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Optical/IP

Cisco's WiFi Flight Plan

Cisco Systems Inc. (Nasdaq: CSCO) plans to quickly integrate Airespace Inc. products into its own product portfolio rather than selling them as standalone products, Unstrung has learned.

Details of the integration plan are laid out in a PowerPoint presentation seen by Unstrung. According to the document, which is dated January 2005, Cisco is planning a three-stage integration process that will take around a year after the closing of the Airespace acquisition, which is expected to happen within a month (see Cisco Buys Airespace).

Sources familiar with the networking company's plans point out, however, that the roadmap laid out in the document is by no means cast in stone and may have changed somewhat already.

A spokeswoman for Cisco told Unstrung that the company could not comment on integration plans until after the buyout was finished.

With that in mind, here are some of the key elements the presentation lays out:

Stage one, two solutions: When the Airespace acquisition closes, which should happen within the next month, the document says that Cisco plans to offer customers "the best of both worlds," selecting the Cisco or Airespace system that best meets their requirements.

Sources say Cisco has so far indicated that some Airespace switches will never become Cisco products, notably the 4012 and 4024 switches. Some of the lower-end products have a better shot at becoming standalone Cisco products, including the 4202, the 4204, and the 3500, described by Cisco as wireless LAN controllers, and the WLSE-ACS "management appliance." These should be announced 90 days after the close, according to the sources.

Stage two, near-term integration: Within three to six months after the close, the slide deck says, Cisco will incorporate support for the lightweight access point protocol (LWAPP) into its Aironet line of access points (see Cisco's Airespace Program). The firm apparently also plans to integrate more of Airespace's management capabilities into its own wireless LAN solutions engine (WLSE) platform, according to the document.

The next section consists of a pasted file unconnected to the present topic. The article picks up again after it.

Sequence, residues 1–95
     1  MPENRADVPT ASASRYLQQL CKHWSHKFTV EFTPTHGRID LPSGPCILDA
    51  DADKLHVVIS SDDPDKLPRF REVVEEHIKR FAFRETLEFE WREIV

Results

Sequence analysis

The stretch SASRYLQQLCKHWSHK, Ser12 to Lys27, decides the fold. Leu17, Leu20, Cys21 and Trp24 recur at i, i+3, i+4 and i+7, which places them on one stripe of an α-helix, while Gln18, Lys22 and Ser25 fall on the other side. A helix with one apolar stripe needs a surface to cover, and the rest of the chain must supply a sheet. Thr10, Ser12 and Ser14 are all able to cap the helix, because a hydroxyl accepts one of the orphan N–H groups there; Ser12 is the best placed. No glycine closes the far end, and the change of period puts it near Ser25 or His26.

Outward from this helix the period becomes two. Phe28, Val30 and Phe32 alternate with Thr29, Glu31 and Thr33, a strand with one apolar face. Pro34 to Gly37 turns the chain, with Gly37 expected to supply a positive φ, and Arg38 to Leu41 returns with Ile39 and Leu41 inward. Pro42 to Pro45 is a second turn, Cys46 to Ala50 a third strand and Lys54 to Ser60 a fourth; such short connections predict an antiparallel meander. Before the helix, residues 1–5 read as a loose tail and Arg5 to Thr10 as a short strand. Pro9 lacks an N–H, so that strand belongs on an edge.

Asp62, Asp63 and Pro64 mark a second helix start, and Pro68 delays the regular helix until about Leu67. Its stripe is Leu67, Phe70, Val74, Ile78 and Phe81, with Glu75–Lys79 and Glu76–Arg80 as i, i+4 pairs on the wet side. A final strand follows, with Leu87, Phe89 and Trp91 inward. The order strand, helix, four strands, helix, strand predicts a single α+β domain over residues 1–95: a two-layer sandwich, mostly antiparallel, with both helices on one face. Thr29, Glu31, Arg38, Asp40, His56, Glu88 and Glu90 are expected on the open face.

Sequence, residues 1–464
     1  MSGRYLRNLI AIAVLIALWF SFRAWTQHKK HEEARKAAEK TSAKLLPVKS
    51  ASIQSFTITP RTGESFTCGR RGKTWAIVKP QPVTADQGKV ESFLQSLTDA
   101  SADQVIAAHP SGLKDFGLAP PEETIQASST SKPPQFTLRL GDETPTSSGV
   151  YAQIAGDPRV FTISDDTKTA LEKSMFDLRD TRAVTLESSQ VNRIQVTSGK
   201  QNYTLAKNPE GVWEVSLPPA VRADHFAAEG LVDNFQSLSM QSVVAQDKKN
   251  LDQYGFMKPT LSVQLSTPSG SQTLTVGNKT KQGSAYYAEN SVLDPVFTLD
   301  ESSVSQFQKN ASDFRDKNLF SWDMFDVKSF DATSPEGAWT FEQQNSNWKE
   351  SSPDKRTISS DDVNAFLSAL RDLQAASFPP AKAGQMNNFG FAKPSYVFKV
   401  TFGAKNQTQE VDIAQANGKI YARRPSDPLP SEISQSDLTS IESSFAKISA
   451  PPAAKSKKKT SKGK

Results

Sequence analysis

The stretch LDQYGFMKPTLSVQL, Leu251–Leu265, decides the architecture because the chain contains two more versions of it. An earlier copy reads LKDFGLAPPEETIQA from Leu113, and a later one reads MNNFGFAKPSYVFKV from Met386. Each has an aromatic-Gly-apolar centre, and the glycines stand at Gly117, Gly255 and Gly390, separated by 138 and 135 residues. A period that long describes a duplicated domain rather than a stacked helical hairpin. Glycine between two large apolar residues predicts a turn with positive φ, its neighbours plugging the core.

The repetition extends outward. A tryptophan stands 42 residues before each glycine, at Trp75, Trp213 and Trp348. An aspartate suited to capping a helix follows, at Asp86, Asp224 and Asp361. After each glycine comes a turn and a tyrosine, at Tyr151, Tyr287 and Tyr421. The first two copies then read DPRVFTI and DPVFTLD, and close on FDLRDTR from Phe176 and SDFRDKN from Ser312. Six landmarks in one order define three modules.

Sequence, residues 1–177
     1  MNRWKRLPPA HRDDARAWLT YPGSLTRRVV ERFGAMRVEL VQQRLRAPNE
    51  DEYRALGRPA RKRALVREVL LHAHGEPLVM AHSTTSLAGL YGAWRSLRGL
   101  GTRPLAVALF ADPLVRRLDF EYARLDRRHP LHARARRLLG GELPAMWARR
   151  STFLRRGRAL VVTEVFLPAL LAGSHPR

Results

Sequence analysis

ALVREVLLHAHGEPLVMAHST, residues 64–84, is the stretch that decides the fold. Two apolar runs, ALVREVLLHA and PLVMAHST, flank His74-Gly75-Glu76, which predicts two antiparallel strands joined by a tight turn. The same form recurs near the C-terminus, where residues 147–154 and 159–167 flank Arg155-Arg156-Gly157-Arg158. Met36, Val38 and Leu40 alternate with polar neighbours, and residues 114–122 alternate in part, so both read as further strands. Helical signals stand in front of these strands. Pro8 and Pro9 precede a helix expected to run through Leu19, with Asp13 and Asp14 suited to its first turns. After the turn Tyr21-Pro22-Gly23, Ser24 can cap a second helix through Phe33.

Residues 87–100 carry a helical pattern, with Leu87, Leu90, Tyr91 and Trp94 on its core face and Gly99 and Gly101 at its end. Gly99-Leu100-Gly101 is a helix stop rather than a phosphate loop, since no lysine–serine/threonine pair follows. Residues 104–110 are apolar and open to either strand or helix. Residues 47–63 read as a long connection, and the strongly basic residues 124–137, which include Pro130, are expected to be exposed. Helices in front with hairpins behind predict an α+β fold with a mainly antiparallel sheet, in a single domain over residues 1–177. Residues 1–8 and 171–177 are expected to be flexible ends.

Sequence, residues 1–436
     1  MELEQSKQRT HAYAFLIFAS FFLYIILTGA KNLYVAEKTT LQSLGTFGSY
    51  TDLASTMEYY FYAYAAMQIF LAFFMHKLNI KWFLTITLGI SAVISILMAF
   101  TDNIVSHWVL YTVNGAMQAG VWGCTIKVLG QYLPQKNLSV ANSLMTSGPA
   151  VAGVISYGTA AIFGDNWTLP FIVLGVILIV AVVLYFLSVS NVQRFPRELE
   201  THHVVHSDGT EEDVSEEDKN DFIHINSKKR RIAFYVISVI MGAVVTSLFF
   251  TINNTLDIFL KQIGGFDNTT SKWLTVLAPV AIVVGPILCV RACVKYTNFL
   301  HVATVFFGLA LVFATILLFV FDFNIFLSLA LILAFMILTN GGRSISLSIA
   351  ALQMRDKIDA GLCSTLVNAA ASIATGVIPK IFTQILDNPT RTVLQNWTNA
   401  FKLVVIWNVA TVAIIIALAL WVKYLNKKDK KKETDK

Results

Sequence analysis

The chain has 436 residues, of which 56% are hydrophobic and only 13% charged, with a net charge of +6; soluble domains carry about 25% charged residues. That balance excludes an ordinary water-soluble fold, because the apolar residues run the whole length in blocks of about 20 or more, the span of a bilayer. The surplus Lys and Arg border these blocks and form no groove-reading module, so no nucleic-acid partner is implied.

Stage three, long-term integration: Within nine to twelve months of the acquisition closing, much of the Airespace product line will become a subset of Cisco's portfolio, but an increasing number of network infrastructure devices will have the Airespace management functionality embedded. These could include an "Airespace router" and stackable switch.

It is also possible that some Airespace concepts could live on under Cisco tutelage. The firm's RFID asset tracking tag is slated for launch in 2005, according to the document. The high-capacity IRAP access point is also listed on the product schedule (see Airespace: MISO Soup).

Maybe Cisco will think of something other than IRAP, to call it.

— Dan Jones, Site Editor, Unstrung

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Honestly 12/5/2012 | 3:24:01 AM
re: Cisco's WiFi Flight Plan In a nut shell, as is the case with most Cisco home grown IP, opps, or older acquired IP, Cisco WiFi is long in the tooth. Airespaces is then the NEW Cisco IP. Integration will slow things down a bit, it always does. I would by Airespace gear now and not wait for Cisco's plan. Look at all of the acqusitions Cisco did with routing technology like Procket, and the kernal they bought for the CRS-1 SW. I hear that crap still is as jittery as Michael Jacksons bed. Customers, buy Airespace and don't wait for Cisco, they may buy another company and further confuse you
light-headed 12/5/2012 | 3:24:00 AM
re: Cisco's WiFi Flight Plan They have released CRS-1 even before they bought Procket. So they couldn't have bought it for SW.

IMO The only thing Cisco got from Procket is a bunch of egomaniacs.
----------------------------------------

routed must work for cisco!

hee hee hee... what a joy it must be to work there in the routing group right now.
routed 12/5/2012 | 3:24:00 AM
re: Cisco's WiFi Flight Plan They have released CRS-1 even before they bought Procket. So they couldn't have bought it for SW.

IMO The only thing Cisco got from Procket is a bunch of egomaniacs.
PacketProtector 12/5/2012 | 3:24:00 AM
re: Cisco's WiFi Flight Plan Let me guess, the terms of the Airespace compensation package are tied to the Airespace product meeting certain sales milestones over the next few quarters. And you're worried.
routed 12/5/2012 | 3:23:59 AM
re: Cisco's WiFi Flight Plan >hee hee hee... what a joy it must be to work there >in the routing group right now.

There was a big discussion on LR about CRS-1, Procket acquisition and Tony Lee. I am sure you will get lot of kick out of it ;)
gotman 12/5/2012 | 3:23:58 AM
re: Cisco's WiFi Flight Plan Your root'd. Its 'Li' not 'Lee'. Your watching to
many bruce lee movies, and its got to you. You must not work for Cisco. But you just can't stand them.. Well you will live with hate for a while, as they will be around for a while. Since you can't beat them, maybe you should join them. That might give you some satisfaction.

Lightheaded, you just keep telling those customers of yours to keep buying the Airespace gear while they can, because its going to become EOS/EOL soon.. Your a very smart idiot.
routed 12/5/2012 | 3:23:54 AM
re: Cisco's WiFi Flight Plan gotman,

My typo not withstanding, you should have looked at my previous posts. For the record I do not hate Cisco.

Cisco has developed CRS-1 without any people from Procket. If these guys were so good why did their company trade them for a bag of peanuts?